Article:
Absorption

Now that the food has been processed, it needs to be absorbed by the body, so it can provide us with the energy and nutrients that we need. This occurs mainly in the small intestine, which has small, finger-like structures called villi protruding from the walls. The process of digestion breaks the food up into tiny particles, which are collected by the villi and passed into the bloodstream going to the liver, where the blood is filtered to remove any toxins and the nutrients are processed. Protein, carbohydrate and some fats use this pathway to be absorbed. From the liver, the nutrients are delivered to the organs and cells of the body via the bloodstream, where they are used to assist in the millions of chemical processes and reactions that occur every second within our cells. There are a few important points of note here:

  1. We have around 50-70 trillion cells in our bodies, and every one of them needs a steady supply of nutrients to stay alive, reproduce and communicate with each other. This communication process is vital for our very survival as the body is one huge ecosystem of cells - disturb one part of the ecosystem and the organism (our body) will not function effectively.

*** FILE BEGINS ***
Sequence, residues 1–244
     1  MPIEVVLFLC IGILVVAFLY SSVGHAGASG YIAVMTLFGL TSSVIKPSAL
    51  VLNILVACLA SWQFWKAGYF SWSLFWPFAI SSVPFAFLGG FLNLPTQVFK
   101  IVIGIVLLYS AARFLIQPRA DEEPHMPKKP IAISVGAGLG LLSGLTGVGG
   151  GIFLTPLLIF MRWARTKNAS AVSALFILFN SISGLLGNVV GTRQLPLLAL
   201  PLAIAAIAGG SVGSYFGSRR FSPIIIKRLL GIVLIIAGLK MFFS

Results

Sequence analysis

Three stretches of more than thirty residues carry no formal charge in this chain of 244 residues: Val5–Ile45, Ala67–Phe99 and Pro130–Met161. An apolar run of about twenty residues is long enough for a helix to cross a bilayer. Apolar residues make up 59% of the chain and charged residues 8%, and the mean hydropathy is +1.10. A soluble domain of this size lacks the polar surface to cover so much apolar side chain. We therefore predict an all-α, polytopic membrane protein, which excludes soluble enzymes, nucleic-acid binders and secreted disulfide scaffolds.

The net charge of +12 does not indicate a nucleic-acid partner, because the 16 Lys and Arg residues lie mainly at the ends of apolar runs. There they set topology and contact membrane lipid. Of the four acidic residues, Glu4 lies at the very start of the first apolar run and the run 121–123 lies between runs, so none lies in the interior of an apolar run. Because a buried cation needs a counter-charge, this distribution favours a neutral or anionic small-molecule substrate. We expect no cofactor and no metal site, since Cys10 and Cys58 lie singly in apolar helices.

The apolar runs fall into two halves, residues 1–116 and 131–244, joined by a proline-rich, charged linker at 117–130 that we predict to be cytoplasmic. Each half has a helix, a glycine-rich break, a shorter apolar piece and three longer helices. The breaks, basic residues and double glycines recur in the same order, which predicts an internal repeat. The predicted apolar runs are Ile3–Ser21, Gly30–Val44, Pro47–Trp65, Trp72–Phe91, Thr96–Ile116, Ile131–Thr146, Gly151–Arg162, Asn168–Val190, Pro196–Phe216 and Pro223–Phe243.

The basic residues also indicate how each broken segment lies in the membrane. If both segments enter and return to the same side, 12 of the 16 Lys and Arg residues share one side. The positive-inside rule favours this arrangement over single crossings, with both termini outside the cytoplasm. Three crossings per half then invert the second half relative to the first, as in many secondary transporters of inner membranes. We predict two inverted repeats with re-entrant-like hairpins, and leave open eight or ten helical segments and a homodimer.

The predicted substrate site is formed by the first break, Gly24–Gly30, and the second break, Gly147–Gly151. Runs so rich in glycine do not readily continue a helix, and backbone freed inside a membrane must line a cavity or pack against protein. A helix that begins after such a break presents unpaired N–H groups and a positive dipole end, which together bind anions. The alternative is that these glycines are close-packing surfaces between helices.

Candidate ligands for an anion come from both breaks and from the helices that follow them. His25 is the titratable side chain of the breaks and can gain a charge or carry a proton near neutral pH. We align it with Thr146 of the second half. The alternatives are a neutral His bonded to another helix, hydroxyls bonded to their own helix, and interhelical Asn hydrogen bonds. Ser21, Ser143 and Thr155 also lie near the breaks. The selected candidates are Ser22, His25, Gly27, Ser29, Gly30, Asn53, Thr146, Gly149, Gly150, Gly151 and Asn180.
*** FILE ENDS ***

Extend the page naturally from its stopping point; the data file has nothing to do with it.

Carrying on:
2. The processes of digestion and absorption require energy, vitamins and minerals to take place. Thus, the body will lose nutrients through these processes. If a food contains lots of nutrients, the body ends up with a net gain of energy, vitamins and minerals. However, if we eat foods that don't contain a lot of vitamins and minerals (empty calories), the body will actually have a net loss of nutrients by digesting and absorbing that food, which puts a strain on the body's reserves.
  3. The body does not have reserves, or stores, of all nutrients. For example, carbohydrate stores are limited and protein stores are almost non-existent. When we look at vitamins, the body stores fat-soluble vitamins (A, E, D & K), but has no storage facility for water-soluble vitamins (B vitamins, vitamin C & folate) - therefore it is very important that we get a steady supply of water-soluble vitamins.
  4. Vitamins and minerals from natural foods are easily digested and absorbed by the body, but this is not always the case with synthetic forms that we get from tablets. Also, we need to realise that a multi-vitamin/mineral pill contains around 30-40 nutrients, whereas the average natural food can contain between 10,000 and 15,000 nutrients. The cocktail of these nutrients are much more beneficial than consuming synthetic forms of essential vitamins and minerals - there is just no substitute for natural foods!